When women won the right to vote in America, they changed the entire political and cultural landscape that surrounded their lives.
“We built a movement by telling each other our lives and thoughts about the way life should be. We cut against the grain and re-thought almost everything. “
Collegiate libraries, non-profit organizations, and plucky websites alike have been collecting and archiving the history of the women’s rights movement for decades — and that means average people like you and me can sometimes spend hours fawning over what they’ve gotten their grubby little hands.
From lesbian gangs killing old ladies in a nursing home to actresses with Mommy issues to inspirational schoolteachers, these are ten of the first-ever lesbian characters on American primetime television, 1961-1977.
There is a power in building communities on our own terms as marginalized people. There is a freedom in escaping, even for a moment, the weight of oppression and the burden of society’s expectations for who we should be. And there is a revolution to be had in building better, more inclusive spaces for marginalized folks.
Historical texts often subsume bisexual activists into the Gay movement or ignore their contributions altogether. Recognizing the historical work of bisexual activists and movements is key to our continued struggle and survival, bi leaders say.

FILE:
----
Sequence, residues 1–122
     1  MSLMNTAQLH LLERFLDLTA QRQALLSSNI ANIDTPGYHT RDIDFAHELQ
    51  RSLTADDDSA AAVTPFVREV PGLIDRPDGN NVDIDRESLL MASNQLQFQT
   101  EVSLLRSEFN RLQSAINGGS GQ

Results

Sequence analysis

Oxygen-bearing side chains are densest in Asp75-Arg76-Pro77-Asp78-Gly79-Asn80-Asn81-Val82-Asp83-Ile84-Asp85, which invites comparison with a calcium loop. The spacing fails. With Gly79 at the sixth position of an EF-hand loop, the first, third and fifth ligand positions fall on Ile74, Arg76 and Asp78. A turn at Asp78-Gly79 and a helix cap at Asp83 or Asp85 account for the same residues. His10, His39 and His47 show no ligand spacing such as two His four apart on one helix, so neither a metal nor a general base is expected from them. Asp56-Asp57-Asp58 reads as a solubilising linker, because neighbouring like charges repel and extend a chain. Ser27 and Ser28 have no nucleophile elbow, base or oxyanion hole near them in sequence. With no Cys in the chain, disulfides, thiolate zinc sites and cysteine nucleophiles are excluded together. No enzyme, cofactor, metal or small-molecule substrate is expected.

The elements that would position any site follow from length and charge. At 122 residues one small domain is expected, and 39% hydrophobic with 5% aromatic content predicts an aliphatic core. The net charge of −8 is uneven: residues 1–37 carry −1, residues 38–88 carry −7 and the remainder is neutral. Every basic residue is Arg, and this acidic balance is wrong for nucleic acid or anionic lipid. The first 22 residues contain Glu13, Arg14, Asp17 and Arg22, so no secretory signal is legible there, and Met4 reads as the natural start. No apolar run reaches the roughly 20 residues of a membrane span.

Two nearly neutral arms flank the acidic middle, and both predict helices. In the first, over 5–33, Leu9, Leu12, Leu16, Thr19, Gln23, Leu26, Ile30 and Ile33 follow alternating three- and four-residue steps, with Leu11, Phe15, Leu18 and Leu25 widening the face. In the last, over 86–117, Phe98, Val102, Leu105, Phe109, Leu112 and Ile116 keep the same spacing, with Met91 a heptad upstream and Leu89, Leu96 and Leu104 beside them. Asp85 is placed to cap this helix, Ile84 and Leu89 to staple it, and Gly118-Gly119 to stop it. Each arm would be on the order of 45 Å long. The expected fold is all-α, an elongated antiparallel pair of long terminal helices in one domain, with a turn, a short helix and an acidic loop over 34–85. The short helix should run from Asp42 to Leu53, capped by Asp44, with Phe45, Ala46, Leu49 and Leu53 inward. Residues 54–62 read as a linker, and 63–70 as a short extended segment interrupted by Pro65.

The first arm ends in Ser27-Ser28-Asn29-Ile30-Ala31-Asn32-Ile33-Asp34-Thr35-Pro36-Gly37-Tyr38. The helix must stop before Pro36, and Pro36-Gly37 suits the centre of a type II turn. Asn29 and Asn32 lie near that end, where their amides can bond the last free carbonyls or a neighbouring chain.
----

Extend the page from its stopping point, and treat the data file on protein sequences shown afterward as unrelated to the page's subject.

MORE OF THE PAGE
From labor rights to environmental justice, these women organized with gender in mind outside of the feminist movement.
Really unclear why we didn’t spend at least one semester reading Emily Dickinson’s love letters to her girlfriend.
I’ll be thinking of Nancy M. Johnson’s invention today as I eat ice cream with my lunch. And afternoon snack. And dinner.
These 10 women traversed lands, set records, and embraced adventure. We should know their names!
Are you a running shoe lesbian who likes to make vulva hands? There’s only one way to find out.
As a follow-up to the time I used “gal pals” sarcastically and taught you all about the queer suffragists, and in honor of Gal Pal Week, this week’s Rebel Girls lesson is going to be about good, old-fashioned friendship.
By the time straight women of the second wave had caught up to the times, queer women had already f*cked up their movement — and built one all their own.
Ela Darling and Sovereign Syre might not be who you’d expected to be at the helm of the new, totally feminist, herstorical web series “Boss Bitches of History.” But together, the two adult entertainers are ready to bring women’s history to life – and redefine society’s expectations and pre-determined narratives for women at the same time.
The nearly half a decade that passed between the first and second waves of feminism was a period of great transition for what hadn’t even yet been named the “feminist movement.”
Time for a pop quiz! JK, it’s more like trivia night.
If you like lesbian history as much as I do, then you’ll love all these books about queer life in various towns, states, cities and countries. Your input is welcome!
We’ve broadly written off intense and deep relationships between these fearless suffrage leaders as “friendships” for years, but it’s worth considering what we’re erasing when we do.
The idea of this building housing regular, straight people drinking regular, straight drinks was peculiar to me. So I set off into various archives to learn more, uncovering a total of at least eight proprietors of a tavern at the corner of 19th and Lexington that dates back to 1910. To present my findings, I shall now show you 10 reasons that the building is completely 1000% well-suited to be San Francisco’s most loved dyke bar.